Omega-6 and omega-3 oxylipins are implicated in soybean oil-induced obesity in mice
The following is an excerpt of a study published in the open access journal Nature Scientific Reports which showed that a genetically modified soybean induces less obesity and insulin resistance than conventional soybean oil.
While humans have been cultivating soybeans for ~5000 years1, soybean oil has become a substantial part of our diet only in the last few decades2. This increase in soybean oil consumption is due in part to a reaction to large-scale population studies in the 1950s and 60s, which showed that a typical American diet rich in saturated fats from animal products was linked to an increased risk of cardiovascular disease3,4. It was subsequently assumed that most if not all saturated fats are unhealthy and conversely that all unsaturated fats are healthy, this despite the ambiguity of evidence of cardio-protective effects of vegetable oils, which are rich in unsaturated fats5,6. Similarly, it was assumed that whatever is healthy for the heart is also healthy for the rest of the body although this assumption was never rigorously tested7,8. Nonetheless, vegetable oil, and, in particular, soybean oil, began to replace animal fat in the American diet starting in the 1970s, resulting in an exponential rise in soybean oil consumption that parallels the increase in obesity in the U.S. and worldwide2,9,10. Indeed, soybean oil is the component in the American diet that has increased the most in the last 100 years2. It constitutes >60% of all edible vegetable oil consumption in the U.S11. and is ubiquitous in the American diet, especially in cooking oil and processed foods.
Soybean oil is comprised of primarily polyunsaturated fatty acids (PUFAs), particularly linoleic acid (LA, C18:2), an omega-6 (ω6) fatty acid that makes up ~55% of soybean oil. Omega-3 (ω3) fatty acids, especially those found in fish oil, and their ratio to ω6 fatty acids have also received considerable attention. Numerous studies have shown that high ω3:ω6 (and hence low ω6:ω3) ratios are generally healthful12. However, like saturated and unsaturated fats, a distinction between different types of ω3 and ω6 fatty acids is often not made, even though this could be relevant to their metabolic effects.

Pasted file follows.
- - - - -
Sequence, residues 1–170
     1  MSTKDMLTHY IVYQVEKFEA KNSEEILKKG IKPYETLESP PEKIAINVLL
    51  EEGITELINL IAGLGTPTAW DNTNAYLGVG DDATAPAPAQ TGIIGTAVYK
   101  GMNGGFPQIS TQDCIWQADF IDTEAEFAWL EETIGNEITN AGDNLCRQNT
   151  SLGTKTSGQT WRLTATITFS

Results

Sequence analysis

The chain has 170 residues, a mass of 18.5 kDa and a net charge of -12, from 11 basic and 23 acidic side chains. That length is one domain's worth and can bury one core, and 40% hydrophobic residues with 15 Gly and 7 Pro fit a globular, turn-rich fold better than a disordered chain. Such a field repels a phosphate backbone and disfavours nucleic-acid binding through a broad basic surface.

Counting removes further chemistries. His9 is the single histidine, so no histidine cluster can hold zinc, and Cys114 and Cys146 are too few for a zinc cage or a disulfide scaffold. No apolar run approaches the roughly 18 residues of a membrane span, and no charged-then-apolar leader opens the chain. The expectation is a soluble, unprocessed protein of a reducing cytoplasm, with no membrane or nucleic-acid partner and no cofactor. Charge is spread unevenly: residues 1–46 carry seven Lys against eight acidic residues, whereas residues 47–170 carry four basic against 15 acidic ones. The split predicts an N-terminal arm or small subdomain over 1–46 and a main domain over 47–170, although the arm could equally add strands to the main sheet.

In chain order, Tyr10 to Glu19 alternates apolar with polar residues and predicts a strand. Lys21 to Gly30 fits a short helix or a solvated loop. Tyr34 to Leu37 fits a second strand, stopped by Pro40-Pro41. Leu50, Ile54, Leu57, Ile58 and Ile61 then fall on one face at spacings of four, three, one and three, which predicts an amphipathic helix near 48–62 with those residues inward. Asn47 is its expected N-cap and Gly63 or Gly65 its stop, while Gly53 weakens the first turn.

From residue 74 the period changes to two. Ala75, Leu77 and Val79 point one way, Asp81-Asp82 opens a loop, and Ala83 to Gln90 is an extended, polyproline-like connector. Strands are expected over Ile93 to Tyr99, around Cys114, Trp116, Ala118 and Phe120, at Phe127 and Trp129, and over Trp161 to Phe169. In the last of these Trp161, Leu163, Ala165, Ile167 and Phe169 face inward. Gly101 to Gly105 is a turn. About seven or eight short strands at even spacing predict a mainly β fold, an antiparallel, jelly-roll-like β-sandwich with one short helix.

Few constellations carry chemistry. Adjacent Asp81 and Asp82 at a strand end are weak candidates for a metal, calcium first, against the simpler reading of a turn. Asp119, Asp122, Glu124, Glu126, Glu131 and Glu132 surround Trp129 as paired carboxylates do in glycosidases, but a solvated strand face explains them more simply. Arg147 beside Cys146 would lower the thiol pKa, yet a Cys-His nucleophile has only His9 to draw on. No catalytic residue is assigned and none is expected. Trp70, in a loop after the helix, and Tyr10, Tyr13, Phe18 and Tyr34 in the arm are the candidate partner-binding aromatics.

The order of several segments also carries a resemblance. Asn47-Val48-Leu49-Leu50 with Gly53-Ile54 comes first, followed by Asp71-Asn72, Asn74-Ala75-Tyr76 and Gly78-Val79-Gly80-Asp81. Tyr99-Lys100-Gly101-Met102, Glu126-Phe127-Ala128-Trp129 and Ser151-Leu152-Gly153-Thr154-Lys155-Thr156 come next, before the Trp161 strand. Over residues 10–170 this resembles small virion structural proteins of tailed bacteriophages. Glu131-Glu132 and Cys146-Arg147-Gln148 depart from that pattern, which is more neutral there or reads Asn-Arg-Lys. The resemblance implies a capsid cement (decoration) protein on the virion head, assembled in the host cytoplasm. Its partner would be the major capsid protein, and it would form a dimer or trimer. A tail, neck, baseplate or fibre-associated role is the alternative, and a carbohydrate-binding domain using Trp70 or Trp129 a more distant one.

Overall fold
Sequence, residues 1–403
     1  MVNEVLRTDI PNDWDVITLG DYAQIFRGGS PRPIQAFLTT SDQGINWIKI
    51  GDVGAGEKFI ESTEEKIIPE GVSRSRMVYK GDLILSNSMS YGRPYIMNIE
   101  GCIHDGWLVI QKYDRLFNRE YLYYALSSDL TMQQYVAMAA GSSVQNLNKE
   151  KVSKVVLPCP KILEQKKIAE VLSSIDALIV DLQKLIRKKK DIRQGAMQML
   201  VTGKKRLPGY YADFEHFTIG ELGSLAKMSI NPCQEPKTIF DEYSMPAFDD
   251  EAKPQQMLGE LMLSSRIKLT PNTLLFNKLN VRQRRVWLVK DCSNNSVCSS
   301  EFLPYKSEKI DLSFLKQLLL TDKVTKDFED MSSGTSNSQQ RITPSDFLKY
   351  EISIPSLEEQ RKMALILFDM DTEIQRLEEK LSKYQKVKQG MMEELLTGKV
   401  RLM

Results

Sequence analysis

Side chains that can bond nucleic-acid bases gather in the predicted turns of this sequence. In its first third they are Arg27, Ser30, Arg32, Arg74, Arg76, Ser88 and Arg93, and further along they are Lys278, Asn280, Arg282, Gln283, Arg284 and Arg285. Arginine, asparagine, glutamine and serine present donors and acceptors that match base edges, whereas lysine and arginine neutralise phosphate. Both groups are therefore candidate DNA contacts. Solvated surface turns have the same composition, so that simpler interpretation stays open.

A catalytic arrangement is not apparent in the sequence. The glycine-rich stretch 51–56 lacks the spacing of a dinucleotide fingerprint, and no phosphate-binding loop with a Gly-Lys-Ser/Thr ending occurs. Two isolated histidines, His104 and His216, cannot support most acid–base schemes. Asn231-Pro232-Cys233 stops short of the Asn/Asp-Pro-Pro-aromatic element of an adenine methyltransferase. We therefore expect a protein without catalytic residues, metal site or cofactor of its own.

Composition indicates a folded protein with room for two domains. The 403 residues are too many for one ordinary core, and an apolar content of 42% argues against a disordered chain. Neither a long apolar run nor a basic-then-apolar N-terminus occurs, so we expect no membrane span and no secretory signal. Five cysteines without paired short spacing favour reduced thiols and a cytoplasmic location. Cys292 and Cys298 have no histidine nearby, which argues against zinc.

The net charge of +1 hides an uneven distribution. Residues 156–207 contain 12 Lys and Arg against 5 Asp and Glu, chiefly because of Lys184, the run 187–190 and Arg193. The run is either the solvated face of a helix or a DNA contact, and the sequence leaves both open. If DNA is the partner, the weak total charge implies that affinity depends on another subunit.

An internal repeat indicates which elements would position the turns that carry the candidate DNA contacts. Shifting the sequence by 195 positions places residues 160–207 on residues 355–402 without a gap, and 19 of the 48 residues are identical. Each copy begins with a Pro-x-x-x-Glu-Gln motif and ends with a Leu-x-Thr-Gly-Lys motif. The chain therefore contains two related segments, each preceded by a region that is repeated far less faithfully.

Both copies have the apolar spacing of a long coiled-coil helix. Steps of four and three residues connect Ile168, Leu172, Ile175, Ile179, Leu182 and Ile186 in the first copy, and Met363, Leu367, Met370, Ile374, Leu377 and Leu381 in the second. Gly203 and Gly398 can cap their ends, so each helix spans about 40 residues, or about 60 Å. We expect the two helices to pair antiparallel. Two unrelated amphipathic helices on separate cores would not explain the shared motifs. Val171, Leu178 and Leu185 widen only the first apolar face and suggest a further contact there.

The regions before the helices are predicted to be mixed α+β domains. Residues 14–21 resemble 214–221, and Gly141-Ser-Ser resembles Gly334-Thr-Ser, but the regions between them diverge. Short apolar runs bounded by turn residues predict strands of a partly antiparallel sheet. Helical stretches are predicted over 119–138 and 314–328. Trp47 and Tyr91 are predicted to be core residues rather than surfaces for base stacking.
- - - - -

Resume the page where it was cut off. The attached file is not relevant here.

While most experimental diet-induced obesity studies use high fat diets composed of lard or milk fat (rich in saturated fats), a few recent studies (including one from our group) have examined the effects of a diet rich in soybean oil and found that this vegetable oil does in fact increase adiposity, diabetes, insulin resistance and fatty liver9,13,14,15. Furthermore, soybean oil induces more metabolic effects than an isocaloric diet made from coconut oil13, which is nearly all saturated fats, albeit of shorter chain length than those in animal fat.
One study proposed, but did not formally prove, that linoleic acid (LA) drives the metabolic effects of soybean, and other vegetable oils16. To investigate the role of LA in soybean oil-induced metabolic disease, we compared conventional soybean oil to a new genetically modified (GM) soybean oil (Plenish) which was engineered to generate fewer trans-fats by blocking the desaturase gene FAD2-1 which converts oleic acid (C18:1) to LA17 (Supplementary Fig. S1a). The net result is an oil low in LA and high in oleic acid, similar to that of olive oil (Supplementary Fig. S1b), which, as a component of the Mediterranean diet, is considered to be healthful18,19. Our results show that the GM oil Plenish does indeed induce less obesity and insulin resistance than conventional soybean oil, although not less diabetes or fatty liver. Plenish also induced hepatomegaly and liver dysfunction, as does olive oil. Importantly, extensive metabolomic and proteomic analyses indicate that oxylipin metabolites of LA and α-linolenic acid (ALA, C18:3ω3) correlate positively with obesity.
To read the entire study, please visit Nature Scientific Reports.